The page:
Get This Party Started

After a year and a half of hard campaigning, and $212 million down the drain, it’s hard to pivot and embrace the rival who dashed your ambitions. But Hillary Clinton made that pivot on June 7 with her gracious concession and endorsement of Barack Obama. She cleared the way for his inevitable nomination. If some diehard Hillary supporters were still booing Obama during her concession speech, those hard feelings should loosen up in time for the general election in November.

Hillary’s campaign drew 18 million voters, many of them women inspired by her historic attempt to become the first female candidate to crack the ceiling of a major party. For months she appeared to be the odds-on favorite to roll to the nomination until Obama shocked the pundits Jan. 3 with his victory in the Iowa caucuses.

Hillary fought back but Obama kept coming and he won the nomination fair and square—Clinton partisans’ complaints notwithstanding. He has reached out to Clinton and her supporters since he claimed the magic number of delegates June 3.

Democrats cannot afford to nurse grudges over the defeat of Hillary Clinton—or any of the other Democratic candidates who were overcome by Obama’s juggernaut in the past six months. The most important consideration is that Obama’s positions track Hillary’s pretty closely on most issues. Both want to get us out of Iraq and both support the concept of universal health coverage. Neither one goes far enough on calling for a single-payer national health program, but our bet is that, unlike the Current Occupant or John McCain, Obama would not veto Rep. John Conyers’ bill expanding Medicare to cover everyone, if the Michigan Dem’s bill got it through the House and Senate.

A CBS poll released June 4 showed Obama held a six-point lead over McCain but that included 22% of Clinton supporters who said they were switching to McCain. Some of them may have been Republicans who voted for Clinton as part of Rush Limbaugh’s plan to sow chaos in the Democratic primary. The rest should consider the similarity of Obama’s positions to Clinton’s on many issues, and the wide gap between Clinton and McCain, who voted with President Bush 100% of the time in 2008 and 95% in 2007. McCain also has a decidedly un-feminist record—he has scored 0% in voting on women’s health issues tracked by NARAL Pro-Choice America PAC since 1999. He voted against birth control, sex education, family planning, emergency contraception and health care for low-income families as well as abortion, while Obama, like Clinton, scores 100% on those issues. So those genuine Clinton supporters who say they would vote for McCain instead of Obama need to examine their reasoning.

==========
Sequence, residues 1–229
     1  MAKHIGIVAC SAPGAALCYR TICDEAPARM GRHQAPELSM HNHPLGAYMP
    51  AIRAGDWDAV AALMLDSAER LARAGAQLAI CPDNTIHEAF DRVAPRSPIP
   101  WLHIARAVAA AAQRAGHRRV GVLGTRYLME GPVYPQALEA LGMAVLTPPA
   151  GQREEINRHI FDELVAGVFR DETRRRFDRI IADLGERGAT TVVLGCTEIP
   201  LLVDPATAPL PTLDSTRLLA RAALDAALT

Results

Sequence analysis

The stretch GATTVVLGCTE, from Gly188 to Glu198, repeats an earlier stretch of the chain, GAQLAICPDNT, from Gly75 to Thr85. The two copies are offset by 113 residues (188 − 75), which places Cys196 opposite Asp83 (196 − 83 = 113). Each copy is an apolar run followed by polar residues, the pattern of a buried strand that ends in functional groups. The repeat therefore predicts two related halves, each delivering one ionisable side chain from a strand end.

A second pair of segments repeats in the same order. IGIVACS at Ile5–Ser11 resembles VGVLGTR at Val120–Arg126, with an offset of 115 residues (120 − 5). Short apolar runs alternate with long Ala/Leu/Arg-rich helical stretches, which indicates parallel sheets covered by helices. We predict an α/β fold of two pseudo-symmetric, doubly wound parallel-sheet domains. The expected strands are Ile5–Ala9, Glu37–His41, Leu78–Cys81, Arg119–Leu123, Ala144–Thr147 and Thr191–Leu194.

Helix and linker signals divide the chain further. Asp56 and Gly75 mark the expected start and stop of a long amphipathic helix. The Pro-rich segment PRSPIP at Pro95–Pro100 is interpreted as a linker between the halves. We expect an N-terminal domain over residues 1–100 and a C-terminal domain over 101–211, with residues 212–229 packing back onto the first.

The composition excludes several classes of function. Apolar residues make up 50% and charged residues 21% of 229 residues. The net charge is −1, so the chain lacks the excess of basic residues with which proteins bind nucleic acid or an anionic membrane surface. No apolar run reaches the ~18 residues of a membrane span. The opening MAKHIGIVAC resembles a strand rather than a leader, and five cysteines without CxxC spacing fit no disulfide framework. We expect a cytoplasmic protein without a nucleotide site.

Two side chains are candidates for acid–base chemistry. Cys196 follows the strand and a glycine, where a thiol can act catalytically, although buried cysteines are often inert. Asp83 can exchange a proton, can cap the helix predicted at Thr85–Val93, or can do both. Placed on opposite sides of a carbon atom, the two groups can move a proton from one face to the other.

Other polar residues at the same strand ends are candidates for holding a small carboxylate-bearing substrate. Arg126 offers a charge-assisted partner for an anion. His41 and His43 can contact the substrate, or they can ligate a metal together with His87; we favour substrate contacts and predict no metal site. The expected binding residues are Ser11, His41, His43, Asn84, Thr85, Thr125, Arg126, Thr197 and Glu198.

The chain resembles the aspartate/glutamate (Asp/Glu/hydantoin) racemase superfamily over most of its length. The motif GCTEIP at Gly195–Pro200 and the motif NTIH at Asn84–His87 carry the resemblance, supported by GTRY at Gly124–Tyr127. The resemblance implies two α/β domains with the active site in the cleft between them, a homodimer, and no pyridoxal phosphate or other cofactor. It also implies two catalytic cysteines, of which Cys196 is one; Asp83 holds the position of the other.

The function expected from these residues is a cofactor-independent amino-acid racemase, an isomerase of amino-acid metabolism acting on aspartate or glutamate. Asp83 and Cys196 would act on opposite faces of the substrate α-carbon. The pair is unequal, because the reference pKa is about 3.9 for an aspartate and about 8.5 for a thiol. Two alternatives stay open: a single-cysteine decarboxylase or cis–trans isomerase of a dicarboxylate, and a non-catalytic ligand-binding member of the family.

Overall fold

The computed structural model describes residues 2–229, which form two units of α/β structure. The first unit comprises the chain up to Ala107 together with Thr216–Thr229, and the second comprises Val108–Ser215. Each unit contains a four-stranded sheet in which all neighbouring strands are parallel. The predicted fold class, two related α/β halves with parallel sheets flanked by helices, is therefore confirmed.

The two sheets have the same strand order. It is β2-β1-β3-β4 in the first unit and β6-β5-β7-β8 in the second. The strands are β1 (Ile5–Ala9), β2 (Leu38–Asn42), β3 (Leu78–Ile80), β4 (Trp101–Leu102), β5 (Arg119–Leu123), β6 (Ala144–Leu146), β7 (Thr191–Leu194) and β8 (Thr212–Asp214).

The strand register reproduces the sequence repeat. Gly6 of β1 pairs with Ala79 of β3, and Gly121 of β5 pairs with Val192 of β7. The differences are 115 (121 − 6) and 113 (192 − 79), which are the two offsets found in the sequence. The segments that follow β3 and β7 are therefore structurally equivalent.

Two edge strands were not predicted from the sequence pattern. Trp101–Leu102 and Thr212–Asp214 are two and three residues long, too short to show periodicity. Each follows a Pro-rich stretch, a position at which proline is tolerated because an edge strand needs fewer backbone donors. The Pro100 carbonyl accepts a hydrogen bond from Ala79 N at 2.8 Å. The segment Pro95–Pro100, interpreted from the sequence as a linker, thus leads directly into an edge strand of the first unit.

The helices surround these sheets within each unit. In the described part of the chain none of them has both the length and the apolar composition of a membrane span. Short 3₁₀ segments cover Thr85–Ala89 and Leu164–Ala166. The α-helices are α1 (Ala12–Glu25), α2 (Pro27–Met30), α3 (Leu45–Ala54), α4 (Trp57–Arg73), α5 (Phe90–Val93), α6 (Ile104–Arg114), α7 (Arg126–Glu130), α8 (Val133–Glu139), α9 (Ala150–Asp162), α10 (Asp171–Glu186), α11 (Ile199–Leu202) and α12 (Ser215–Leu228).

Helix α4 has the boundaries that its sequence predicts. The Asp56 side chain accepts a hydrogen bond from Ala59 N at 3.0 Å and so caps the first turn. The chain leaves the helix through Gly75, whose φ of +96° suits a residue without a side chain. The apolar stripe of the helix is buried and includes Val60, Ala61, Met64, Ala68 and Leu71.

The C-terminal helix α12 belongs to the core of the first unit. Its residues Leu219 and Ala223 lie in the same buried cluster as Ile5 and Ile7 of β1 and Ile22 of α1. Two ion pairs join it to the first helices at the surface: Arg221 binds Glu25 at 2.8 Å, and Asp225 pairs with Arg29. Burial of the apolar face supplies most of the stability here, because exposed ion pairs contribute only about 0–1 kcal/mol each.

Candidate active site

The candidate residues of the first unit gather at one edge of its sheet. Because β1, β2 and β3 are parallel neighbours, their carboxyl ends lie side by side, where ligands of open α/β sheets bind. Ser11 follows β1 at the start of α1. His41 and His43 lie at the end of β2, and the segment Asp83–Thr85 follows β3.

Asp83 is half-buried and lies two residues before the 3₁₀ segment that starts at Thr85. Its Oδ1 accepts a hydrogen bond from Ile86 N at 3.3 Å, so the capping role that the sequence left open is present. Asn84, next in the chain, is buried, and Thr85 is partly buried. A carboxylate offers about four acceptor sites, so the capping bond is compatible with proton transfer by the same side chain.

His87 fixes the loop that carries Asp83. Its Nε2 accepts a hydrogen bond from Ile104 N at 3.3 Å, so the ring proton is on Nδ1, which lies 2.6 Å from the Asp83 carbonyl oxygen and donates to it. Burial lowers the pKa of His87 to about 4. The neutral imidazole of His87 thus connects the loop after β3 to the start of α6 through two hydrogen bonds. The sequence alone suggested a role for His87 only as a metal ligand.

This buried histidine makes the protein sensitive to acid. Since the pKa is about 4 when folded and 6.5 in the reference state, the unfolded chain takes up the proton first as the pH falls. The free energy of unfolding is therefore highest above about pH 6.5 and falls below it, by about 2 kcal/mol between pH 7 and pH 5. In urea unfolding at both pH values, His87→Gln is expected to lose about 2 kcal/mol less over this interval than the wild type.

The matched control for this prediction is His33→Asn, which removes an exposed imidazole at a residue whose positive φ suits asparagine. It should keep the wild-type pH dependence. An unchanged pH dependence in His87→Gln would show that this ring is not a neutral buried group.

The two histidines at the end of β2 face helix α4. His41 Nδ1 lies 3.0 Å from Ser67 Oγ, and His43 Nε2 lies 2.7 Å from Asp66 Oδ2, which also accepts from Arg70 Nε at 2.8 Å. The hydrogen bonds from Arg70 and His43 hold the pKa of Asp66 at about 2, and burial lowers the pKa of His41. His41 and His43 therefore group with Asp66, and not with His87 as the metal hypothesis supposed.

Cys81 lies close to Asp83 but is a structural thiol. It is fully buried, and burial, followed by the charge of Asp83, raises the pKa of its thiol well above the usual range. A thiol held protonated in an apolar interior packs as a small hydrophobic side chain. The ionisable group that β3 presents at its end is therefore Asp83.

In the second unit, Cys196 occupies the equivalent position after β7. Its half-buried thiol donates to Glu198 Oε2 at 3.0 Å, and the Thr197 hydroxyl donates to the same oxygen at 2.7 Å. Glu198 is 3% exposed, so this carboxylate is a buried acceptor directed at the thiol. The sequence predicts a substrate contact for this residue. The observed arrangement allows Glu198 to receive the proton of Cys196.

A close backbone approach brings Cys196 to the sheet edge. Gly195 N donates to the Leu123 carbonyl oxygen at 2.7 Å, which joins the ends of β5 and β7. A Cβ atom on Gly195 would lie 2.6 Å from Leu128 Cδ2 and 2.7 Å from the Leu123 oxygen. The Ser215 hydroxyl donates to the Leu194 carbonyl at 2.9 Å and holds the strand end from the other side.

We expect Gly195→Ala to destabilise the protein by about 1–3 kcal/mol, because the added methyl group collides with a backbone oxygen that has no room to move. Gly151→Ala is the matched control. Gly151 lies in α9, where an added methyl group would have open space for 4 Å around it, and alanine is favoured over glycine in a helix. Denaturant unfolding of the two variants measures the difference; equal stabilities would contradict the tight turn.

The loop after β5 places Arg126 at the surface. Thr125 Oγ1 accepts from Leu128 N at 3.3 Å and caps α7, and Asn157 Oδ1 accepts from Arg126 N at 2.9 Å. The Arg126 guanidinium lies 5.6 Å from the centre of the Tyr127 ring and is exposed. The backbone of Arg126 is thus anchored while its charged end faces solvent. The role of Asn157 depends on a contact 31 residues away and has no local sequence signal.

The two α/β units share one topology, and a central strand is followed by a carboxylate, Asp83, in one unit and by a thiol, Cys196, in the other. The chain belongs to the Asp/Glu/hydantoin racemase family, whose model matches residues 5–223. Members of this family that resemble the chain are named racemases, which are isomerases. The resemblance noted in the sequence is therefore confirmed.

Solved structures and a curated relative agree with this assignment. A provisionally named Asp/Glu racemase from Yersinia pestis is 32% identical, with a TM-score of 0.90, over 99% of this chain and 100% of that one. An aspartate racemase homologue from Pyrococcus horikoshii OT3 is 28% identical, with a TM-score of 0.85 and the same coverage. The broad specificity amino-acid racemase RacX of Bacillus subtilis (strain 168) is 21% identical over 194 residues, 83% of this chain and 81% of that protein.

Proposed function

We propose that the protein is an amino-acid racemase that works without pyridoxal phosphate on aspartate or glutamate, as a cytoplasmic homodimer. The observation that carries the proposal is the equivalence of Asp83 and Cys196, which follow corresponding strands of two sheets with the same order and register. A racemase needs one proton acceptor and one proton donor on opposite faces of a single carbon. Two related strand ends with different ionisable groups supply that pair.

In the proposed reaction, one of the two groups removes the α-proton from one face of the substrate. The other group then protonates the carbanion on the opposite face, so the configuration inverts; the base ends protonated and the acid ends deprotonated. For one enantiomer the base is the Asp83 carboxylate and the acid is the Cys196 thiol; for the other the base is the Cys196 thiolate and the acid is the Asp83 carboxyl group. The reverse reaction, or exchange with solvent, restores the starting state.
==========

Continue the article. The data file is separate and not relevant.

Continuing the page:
During the campaign, Clinton claimed that she and McCain had more “experience” than Obama. But judgment is more valuable than experience and Obama showed better judgment—starting with his opposition in 2002 to the invasion of Iraq when Clinton was lining up to authorize Bush to go to war on a flimsy pretext. Clinton didn’t help herself when she refused to admit in February 2007 that she had made a mistake, even if she did say she wouldn’t vote again to give Bush the authority, given what she knows now. (But she did vote in September 2007 to declare Iran’s Islamic Revolutionary Guard, an elite corps of the Iranian military, a terrorist organization. Bush might use that vote as an excuse to bomb Iran before he leaves office.) McCain also defended his 2002 vote and thinks it’s OK if we stay in Iraq 100 years.

Obama also has shown better managerial skills. The former Southside Chicago community organizer put together a team that relied more on grassroots organizing than on high-priced Washington consultants.

Clinton spent $10 million on Mark Penn, who drafted the plan to blow out the other Democrats by Feb. 5 and apparently failed to plan beyond that. California was supposed to be Clinton’s ace in the hole on Super Tuesday, but Penn reportedly did not realize that the state’s 370 delegates were awarded proportionally, not winner-take-all. Clinton ended up winning 203 delegates in California while Obama took 167, but Obama won the next 10 states.